He is also accused of being “engaged in a series of lies and deceptions” to “cover up his scheme” — including filing fraudulent campaign finance reports, misleading the city’s Campaign Finance Board, and lying to Hochul’s staff as he was vetted before she selected him to be her lieutenant governor.
“We’ve also alleged that Benjamin repeatedly lied to cover up the bribery scheme, including by falsifying campaign forms, and misleading city regulators,” Williams said. “And we alleged that Benjamin repeatedly lied on the vetting forms that he filled out before he was appointed lieutenant governor. That’s a cover up.”
“Lieutenant Governor Brian Benjamin’s arrest today on federal corruption charges is another stain on New York State Government and calls into question Governor Hochul’s judgment. Over the past few days and weeks, Kathy Hochul and the Majorities in Albany have reinforced their support for Brian Benjamin despite news of federal investigations. Governor Hochul said herself this morning that she’s “changed the culture of Albany,” Senator Rob Ortt, the Senate Minority leader, said in a statement.
“Unfortunately, it looks like business as usual in our state Capitol. Kathy Hochul and Senate Democrats might tolerate this corruption, but New Yorkers don’t, and neither do I,” he added. “I’m calling on Governor Hochul and Senate Democrats to stop hiding from the truth and join me in demanding Brian Benjamin’s resignation.”
“The news regarding the arrest of Lieutenant Governor Brian Benjamin is very disappointing for the people of New York state,” said Assembly Minority Will Barclay. “Albany has a persistent and pervasive corruption problem and today’s federal indictment is a disturbing indication that [the] problem is still a major obstacle hampering the People’s Business. He must resign immediately.”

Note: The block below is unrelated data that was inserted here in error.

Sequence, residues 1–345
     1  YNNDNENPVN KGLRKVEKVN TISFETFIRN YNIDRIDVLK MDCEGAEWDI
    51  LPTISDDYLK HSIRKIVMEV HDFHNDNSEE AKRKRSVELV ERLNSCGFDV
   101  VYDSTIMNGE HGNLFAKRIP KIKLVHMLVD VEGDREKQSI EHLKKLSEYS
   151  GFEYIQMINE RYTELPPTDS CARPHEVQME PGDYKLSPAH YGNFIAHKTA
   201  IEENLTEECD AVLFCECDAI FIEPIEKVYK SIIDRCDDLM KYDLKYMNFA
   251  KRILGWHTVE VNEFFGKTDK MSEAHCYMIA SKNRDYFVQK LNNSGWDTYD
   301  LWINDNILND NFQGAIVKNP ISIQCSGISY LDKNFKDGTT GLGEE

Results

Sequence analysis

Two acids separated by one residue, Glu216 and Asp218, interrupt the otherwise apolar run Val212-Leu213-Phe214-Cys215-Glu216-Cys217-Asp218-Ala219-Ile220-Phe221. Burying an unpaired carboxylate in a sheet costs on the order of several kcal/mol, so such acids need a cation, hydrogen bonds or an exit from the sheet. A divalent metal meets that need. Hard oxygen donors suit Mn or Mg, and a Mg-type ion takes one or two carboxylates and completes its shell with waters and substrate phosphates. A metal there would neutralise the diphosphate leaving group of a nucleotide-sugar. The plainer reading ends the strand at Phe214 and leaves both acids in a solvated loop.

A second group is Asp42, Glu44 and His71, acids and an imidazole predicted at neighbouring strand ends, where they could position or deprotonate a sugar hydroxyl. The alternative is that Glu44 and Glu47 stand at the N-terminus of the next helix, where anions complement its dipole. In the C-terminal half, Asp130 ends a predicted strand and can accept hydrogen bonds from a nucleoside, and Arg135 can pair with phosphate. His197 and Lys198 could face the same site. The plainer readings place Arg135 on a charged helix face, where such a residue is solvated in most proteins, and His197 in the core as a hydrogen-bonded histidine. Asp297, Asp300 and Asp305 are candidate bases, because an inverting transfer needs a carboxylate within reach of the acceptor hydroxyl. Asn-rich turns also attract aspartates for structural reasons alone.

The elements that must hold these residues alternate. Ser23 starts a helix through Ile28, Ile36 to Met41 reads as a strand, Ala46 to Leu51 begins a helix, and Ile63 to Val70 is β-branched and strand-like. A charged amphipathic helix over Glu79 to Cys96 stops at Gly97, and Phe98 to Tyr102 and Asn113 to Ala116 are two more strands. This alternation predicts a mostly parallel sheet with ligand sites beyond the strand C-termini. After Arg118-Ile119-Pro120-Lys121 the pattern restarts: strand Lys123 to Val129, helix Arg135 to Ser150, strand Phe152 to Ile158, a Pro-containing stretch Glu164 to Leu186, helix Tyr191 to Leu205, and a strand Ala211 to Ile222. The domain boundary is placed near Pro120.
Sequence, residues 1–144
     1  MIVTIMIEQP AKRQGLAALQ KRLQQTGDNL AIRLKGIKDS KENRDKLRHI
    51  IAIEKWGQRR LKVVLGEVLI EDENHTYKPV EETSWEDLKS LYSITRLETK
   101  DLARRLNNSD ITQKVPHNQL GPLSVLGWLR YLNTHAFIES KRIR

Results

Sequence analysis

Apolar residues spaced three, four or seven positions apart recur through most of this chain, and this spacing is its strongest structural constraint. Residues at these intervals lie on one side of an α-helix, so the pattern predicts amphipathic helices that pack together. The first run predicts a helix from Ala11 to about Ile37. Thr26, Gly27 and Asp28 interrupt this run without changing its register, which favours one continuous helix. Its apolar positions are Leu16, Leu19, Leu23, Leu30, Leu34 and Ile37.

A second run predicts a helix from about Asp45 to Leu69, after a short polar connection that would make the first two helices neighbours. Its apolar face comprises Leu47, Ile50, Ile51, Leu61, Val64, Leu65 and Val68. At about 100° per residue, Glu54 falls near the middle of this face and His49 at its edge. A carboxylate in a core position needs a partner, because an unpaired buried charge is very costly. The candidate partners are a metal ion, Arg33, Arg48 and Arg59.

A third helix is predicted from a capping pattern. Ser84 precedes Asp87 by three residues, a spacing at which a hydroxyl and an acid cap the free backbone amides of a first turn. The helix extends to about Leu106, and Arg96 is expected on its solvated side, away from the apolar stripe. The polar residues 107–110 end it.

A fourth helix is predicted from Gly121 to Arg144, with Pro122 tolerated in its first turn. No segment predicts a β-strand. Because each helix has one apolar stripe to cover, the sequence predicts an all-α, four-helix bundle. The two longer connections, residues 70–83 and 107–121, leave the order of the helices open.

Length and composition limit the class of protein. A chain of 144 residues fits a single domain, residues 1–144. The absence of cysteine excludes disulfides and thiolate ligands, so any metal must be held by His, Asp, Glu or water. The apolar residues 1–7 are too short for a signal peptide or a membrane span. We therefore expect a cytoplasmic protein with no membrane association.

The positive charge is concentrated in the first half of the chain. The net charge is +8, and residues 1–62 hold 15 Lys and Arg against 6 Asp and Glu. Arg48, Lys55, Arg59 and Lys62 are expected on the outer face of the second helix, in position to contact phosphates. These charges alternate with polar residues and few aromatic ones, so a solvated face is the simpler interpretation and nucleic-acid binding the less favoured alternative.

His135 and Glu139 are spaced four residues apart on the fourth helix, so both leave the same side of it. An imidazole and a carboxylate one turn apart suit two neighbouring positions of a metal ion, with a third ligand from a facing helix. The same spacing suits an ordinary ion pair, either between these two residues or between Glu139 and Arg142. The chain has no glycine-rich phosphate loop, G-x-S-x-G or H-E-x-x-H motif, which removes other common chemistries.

He added, “While the legal process plays out, we must endeavor to move past this distraction and get back to doing the important work of our state government.”
“In her first major decision as governor, Kathy Hochul chose a dirty politician to serve as her partner in government and running mate,” New York GOP Chair said. “Brian Benjamin’s shady dealings and corruption were well-documented, but Hochul turned a blind eye and put him a heartbeat away from the governorship. This decision was not just dangerous incompetence, it is proof that her tolerance for corruption runs deep in her veins, which is no surprise given she dutifully served with Andrew Cuomo for seven years.”
He pleaded not guilty Tuesday at an initial appearance in Manhattan federal court and was released. Bail was set at $250,000.
The corruption in the Democratic party runs deep.
Andrew Cuomo stepped down from office after multiple sexual assault allegations, but not before he could doom the elderly of New York during the pandemic.
Former New York Assembly Speaker Sheldon Silver was ousted and sent to prison on corruption charges.
CNBC put together a list of other corrupt New York politicians.
It is past time to vote out the corruption that is plaguing our country.